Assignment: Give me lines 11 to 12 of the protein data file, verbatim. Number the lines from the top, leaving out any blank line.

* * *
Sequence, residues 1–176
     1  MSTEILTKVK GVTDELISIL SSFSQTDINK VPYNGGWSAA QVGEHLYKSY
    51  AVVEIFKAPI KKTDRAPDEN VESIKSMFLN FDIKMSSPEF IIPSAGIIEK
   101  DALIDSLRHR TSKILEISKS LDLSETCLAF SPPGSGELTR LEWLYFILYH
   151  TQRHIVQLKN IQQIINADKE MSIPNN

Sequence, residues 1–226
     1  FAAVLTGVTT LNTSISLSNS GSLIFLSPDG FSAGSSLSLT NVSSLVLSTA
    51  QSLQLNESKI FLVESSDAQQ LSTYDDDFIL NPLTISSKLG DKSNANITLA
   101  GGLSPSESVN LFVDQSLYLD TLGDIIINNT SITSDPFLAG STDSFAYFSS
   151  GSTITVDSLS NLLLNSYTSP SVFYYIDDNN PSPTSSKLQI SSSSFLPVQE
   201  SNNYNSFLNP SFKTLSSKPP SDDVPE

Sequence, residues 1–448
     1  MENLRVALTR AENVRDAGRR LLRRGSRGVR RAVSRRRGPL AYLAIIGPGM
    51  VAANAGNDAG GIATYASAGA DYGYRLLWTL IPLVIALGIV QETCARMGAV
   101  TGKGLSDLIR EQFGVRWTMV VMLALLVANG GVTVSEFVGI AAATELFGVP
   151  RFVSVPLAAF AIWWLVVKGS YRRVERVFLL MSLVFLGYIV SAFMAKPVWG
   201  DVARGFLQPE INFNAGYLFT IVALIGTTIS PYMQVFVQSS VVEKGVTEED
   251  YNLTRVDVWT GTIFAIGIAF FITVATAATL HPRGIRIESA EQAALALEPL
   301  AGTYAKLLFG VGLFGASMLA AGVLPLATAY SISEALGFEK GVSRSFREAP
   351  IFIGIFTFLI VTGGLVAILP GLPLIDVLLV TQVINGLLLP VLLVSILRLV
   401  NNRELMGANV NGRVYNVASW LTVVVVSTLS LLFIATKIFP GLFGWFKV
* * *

   201  SNNYNSFLNP SFKTLSSKPP SDDVPE

Sequence, residues 1–448